MFW: FAUSTO PUGLISI S/S 2015

Spots. Everywhere. I’m seeing spots now and I fear that I may still be seeing spots tomorrow. There are just so very, very many spots in this spring/summer collection that one might almost begin to feel a bit disoriented after viewing the entire collection, which is exactly what we’ve just done. To be fare, there are some other geometric shapes and patterns in this print-centric collection from Fausto Puglisi, but it’s the spots that play with one’s eyes over and over.

This is also a very black and white collection. We are well into the presentation before he introduces a burst of burnt orange. I’m rather glad he went with a slightly subdued version of the color. Had he chosen anything brighter we might have gone blind from the contrast. He works metallic gold in with the orange, and there’s one very out-of-place gold ensemble, a zipped up moto jacket and short A-line skirt, that just doesn’t jive with anything else around it. He doesn’t stay with that brightness long, though, before fading off into more hushed tones of blues and greens.

Silhouettes are rather relaxed, except for the skin-tight leggings Fausto puts under a few pieces early in the collection. A handful of very small crop tops are necessarily fitted, but overall Puglisi needs the room in the extra fabric so that the fabric doesn’t lose integrity once he begins punching holes in everything. You see, it’s not enough to just have printed spots on his designs. Fausto Puglisi cuts more holes in his fabric than Charlie Brown’s ghost costume (and if you don’t understand that reference, you need to see It’s The Great Pumpkin, Charlie Brown when it comes on this season). There are some fantastically long knit sweaters and the full length coats are pretty cool as well.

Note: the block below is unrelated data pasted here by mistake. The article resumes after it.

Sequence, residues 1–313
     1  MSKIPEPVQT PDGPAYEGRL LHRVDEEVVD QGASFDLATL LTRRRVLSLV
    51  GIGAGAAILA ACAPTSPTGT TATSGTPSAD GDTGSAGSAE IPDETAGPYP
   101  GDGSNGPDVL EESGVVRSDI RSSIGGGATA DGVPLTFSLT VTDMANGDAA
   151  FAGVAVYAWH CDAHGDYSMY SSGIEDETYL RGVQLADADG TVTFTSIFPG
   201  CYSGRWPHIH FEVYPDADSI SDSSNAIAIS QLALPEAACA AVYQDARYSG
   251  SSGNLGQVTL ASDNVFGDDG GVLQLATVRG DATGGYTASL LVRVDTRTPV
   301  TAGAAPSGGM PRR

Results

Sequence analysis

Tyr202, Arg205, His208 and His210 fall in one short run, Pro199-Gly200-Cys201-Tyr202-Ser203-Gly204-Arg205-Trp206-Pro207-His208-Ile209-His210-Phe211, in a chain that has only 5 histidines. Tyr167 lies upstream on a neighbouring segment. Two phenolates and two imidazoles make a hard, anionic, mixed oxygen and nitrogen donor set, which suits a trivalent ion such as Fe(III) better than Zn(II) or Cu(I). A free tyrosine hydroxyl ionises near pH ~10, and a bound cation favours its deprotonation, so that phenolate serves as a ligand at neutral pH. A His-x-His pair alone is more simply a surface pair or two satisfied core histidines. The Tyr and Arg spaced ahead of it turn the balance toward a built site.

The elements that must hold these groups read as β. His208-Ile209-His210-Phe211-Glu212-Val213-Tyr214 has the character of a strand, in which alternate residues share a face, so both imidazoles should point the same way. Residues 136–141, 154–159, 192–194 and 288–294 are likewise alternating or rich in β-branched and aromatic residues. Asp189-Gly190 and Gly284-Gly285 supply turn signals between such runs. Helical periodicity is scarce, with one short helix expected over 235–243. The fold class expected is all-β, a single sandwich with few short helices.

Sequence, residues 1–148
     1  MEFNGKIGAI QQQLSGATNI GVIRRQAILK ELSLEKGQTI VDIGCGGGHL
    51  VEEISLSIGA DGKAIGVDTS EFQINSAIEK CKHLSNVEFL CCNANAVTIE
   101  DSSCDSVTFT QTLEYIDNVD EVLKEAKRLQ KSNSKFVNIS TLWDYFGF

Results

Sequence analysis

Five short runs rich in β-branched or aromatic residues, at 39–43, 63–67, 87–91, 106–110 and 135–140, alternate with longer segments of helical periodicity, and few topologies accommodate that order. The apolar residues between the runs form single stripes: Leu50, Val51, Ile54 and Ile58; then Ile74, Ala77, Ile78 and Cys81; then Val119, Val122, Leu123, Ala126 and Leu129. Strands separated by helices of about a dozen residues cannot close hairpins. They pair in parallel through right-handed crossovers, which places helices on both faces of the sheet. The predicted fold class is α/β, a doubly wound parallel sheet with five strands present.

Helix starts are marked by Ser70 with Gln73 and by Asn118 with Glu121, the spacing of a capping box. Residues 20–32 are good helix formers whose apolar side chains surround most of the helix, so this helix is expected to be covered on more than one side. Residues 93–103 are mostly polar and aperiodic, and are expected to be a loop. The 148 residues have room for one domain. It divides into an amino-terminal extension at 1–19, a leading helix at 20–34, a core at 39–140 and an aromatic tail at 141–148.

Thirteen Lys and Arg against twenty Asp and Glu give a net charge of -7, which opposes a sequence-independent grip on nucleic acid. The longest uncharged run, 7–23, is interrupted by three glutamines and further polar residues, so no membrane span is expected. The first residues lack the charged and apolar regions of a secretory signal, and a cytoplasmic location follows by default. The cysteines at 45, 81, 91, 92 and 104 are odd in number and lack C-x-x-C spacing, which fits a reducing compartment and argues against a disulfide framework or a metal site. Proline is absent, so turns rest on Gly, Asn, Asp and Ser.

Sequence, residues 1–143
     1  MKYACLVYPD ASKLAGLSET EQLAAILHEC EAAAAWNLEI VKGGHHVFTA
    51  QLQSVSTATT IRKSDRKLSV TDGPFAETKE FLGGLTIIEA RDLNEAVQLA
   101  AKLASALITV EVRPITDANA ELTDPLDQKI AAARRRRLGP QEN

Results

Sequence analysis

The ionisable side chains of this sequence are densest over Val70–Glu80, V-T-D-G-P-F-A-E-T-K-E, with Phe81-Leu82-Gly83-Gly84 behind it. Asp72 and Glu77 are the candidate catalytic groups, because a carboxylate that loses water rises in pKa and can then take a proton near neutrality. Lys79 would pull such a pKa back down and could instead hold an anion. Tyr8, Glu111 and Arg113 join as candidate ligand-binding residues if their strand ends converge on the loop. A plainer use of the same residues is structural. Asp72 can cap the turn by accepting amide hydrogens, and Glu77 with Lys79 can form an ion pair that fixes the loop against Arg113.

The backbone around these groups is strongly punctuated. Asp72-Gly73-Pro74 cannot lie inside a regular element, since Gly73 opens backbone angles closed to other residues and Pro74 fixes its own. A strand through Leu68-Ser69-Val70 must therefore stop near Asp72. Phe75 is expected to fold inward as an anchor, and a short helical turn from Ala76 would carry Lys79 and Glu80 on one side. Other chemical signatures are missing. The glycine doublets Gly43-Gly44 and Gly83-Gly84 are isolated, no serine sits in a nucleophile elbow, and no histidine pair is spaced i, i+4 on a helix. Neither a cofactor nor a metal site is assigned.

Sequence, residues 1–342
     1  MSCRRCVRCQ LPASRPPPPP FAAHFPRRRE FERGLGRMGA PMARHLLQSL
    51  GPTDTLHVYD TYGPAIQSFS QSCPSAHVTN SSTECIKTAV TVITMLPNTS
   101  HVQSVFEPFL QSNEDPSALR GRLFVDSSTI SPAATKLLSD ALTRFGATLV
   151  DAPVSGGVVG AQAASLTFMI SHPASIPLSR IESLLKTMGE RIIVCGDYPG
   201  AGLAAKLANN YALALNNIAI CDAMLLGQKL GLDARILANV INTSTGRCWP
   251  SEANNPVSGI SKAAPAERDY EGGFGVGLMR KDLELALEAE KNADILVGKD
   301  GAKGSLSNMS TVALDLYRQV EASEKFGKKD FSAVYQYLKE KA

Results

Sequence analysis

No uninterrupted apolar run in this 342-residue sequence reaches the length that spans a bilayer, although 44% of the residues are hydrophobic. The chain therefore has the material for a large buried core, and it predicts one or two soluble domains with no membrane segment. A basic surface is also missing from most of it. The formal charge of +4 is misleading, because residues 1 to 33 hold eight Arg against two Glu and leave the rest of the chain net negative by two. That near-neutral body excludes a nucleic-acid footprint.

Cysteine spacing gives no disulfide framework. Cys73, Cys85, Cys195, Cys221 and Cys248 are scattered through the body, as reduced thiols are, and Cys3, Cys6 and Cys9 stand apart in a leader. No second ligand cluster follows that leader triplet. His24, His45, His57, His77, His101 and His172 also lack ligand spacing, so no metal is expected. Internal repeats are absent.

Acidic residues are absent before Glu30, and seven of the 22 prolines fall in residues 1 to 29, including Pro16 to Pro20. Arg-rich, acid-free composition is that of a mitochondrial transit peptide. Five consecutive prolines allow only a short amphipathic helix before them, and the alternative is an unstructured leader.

Fausto refers to this collection as one of Suburban Gladiators, and I can see some gladiator influence in some of the short leather paneled skirts, and the sun design is definitely one pulled from antiquity. He loses me, though, as to how that translates into all the spots and the punched holes. Perhaps I’m missing something.

This is an interesting collection, to be sure. The spots and the graphic designs work the larger portion of the time and when they work they are stunning pieces. There is a lot here, especially knits, that I really like, What doesn’t work, though, is the gold metallic (it’s not really lamè), especially when he punches large oval holes in it. I’m finding it difficult to imagine how  the look is supposed to be attractive and, let’s be honest, it’s going to leave some funky tan spots if one wears it out in the sun.

Fausto Publisi knows graphic prints and patterns and does them well. I’m just anxious to stop seeing the spots.

Photo credit: Marcus Tondo and Guillame Roujas

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